• Coalition Government Working As It Should

    It is increasingly clear that some supposedly expert commentators on the political scene have a poor understanding of how a parliamentary democracy actually works.

    The cardinal principle of such a system of government is that it is parliament – not the government – that makes the laws. If it were otherwise – so that government need pay little or no attention to parliament – we would have a quite different system – one that Quintin Hogg, later Lord Hailsham, characterised as an “elective dictatorship.”

    Under our system, the government must, in other words, be able to command a majority in parliament; otherwise it would not be able to pass new legislation. And it is here that things get a little tricky for countries like New Zealand.

    Like many other countries, New Zealand has a proportional representation voting system (in our case it is one called MMP). It is inherently unlikely that any single party will be able to secure a parliamentary majority under such a voting system all by itself.

    This is not an accident or a disaster; it is how the system is meant to work. The whole point of MMP was to ensure that parliament could not be steam-rollered by a single party and that parliament and government would represent a wider range of interests and views than those of just one party.

    That means that governments must usually be formed on the basis of a coalition agreement between two or more parties – and if the party with the most seats or votes does not itself have a majority, they need not be included.

    The parties which make up the coalition do not lose their identity and their separate view points and interests. They merely agree to work with each other and – by supporting each other on most, if not all, issues – to ensure the the government has some stability.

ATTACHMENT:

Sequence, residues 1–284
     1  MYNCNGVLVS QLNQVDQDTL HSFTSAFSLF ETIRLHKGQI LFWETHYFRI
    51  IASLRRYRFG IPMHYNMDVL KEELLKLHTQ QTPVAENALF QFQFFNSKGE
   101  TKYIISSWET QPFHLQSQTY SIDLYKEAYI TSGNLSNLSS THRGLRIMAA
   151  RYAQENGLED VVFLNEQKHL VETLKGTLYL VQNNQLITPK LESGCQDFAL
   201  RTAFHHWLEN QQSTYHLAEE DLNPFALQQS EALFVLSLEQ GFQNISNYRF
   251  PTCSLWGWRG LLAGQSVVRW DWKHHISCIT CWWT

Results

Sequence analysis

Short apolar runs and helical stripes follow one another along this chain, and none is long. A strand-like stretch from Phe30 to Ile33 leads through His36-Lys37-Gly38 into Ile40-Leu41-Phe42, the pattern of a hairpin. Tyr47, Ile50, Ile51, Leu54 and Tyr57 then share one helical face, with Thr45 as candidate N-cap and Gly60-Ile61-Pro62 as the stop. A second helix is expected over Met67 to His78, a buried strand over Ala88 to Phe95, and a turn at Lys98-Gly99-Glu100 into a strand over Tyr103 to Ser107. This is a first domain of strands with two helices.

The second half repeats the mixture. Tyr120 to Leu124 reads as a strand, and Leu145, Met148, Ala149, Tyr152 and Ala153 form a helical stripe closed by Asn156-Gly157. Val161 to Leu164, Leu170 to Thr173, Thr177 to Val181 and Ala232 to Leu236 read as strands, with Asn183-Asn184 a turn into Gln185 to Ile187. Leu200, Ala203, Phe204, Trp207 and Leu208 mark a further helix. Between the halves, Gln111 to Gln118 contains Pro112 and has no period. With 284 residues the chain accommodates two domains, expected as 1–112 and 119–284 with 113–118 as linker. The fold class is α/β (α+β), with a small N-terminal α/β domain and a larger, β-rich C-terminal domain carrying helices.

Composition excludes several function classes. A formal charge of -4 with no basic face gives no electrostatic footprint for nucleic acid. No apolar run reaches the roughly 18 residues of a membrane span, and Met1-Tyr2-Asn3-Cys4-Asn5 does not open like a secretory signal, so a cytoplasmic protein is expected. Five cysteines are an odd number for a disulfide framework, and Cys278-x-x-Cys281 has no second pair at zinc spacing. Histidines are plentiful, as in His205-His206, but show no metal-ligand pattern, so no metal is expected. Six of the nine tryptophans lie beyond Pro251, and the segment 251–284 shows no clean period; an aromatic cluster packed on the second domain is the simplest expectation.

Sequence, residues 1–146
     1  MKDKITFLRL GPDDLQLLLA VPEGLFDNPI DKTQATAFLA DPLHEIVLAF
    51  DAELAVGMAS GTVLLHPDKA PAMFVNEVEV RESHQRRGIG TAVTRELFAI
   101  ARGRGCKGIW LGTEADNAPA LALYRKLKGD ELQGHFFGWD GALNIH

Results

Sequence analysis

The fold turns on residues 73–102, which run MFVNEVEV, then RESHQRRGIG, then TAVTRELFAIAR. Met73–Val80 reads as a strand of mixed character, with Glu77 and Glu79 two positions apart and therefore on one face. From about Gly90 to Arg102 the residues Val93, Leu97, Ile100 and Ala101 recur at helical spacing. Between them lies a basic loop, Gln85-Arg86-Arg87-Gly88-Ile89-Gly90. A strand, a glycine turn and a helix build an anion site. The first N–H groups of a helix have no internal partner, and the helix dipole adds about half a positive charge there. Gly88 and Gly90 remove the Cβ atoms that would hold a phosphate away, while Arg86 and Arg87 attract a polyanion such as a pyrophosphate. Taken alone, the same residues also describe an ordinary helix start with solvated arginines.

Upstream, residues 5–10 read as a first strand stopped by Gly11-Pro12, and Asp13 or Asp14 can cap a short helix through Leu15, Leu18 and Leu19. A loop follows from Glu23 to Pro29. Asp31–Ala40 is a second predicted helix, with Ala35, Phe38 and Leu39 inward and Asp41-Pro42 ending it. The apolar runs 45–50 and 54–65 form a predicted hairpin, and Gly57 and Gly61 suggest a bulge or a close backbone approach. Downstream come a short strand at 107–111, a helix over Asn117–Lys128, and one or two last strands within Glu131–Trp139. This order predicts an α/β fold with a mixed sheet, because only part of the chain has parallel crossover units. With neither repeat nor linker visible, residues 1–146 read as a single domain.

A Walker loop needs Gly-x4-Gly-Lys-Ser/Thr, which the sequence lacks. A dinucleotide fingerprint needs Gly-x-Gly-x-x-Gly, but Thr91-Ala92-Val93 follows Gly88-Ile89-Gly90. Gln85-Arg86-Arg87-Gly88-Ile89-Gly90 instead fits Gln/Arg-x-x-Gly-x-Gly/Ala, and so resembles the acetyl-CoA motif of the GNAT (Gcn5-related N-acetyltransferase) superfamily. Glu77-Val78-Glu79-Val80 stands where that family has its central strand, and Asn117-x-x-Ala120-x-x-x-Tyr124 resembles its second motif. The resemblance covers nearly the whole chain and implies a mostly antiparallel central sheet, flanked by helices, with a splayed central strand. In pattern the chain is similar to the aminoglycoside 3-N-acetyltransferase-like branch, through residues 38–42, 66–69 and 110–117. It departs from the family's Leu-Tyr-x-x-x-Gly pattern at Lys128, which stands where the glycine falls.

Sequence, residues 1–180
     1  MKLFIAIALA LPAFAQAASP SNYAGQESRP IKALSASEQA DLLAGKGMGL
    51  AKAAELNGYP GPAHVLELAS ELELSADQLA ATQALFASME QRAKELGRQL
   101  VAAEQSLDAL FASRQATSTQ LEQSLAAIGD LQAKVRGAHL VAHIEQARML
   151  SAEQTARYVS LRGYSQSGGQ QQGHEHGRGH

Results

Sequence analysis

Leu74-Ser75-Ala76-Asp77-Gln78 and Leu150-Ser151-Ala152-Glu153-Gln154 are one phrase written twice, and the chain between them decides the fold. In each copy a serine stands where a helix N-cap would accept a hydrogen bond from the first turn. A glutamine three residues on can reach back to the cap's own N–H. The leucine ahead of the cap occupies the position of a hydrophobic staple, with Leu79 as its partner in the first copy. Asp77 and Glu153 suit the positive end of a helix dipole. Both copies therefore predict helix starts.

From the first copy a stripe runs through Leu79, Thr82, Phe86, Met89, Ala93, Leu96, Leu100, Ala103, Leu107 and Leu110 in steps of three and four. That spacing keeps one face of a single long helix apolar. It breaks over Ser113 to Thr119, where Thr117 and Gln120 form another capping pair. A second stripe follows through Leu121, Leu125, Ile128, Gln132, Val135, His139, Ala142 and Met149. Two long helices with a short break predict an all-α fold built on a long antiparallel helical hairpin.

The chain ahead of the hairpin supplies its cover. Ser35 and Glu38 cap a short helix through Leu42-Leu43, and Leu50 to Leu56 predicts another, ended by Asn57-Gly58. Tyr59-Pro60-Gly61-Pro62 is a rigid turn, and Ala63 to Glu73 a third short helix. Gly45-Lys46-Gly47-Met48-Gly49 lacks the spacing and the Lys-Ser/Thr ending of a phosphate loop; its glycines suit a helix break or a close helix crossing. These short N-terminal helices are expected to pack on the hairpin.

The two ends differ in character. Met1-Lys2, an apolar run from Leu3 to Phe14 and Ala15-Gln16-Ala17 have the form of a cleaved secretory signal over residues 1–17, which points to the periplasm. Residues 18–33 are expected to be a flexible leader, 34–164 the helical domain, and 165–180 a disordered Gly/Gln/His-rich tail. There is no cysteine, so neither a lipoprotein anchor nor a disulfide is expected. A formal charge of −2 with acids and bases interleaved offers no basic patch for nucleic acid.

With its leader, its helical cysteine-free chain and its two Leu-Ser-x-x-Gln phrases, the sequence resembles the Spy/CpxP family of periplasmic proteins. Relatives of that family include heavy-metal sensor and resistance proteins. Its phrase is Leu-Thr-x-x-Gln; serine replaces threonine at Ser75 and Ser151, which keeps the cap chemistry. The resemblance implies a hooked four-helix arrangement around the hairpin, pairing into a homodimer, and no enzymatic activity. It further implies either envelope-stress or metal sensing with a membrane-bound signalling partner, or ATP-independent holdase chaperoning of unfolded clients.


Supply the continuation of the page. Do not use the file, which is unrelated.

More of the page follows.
But, consistently with the need for a majority if any particular law is to be passed, any one or more of the parties in the coalition can withhold their agreement to a particular measure and thereby prevent it from being passed if they do not support it.

    There is nothing remarkable about this. It is how the system is meant to work and it is entirely consistent with – indeed required by – the principles of parliamentary government. So, in the present coalition government, any one of the two parties to the coalition agreement, Labour and New Zealand First – or perhaps three if the Greens were to be included on the basis of their general stance of supporting the government on most issues were to be included – could withhold their support and prevent the passage of a particular measure, on the basis that without their support there would be no parliamentary majority.

    When the coalition partners occasionally do not agree on a particular issue, here is no reason, in other words, no reason to froth at the mouth, or bemoan the fact that National, with the largest number of seats but not a majority, is not in government, or to ask, who is running the government. A coalition government that has to muster a parliamentary majority to get its measures passed is what both our constitutional principles and the will of the people as represented by the outcome of the election both dictate; it is called democracy at work.

    So, when New Zealand First declines to support a particular proposal put forward by Labour, or if the roles are reversed so that Labour fails support something New Zealand First wants, we should celebrate, not fulminate. We have the best of all worlds – a more representative parliament, a government that has to take account of a wider range of opinion than just its own, and a coalition government that provides stability and a consistent strategic direction.

    Perhaps some of our commentators should pause to reflect for a moment before going into print.

    Bryan Gould
    13 September 2018


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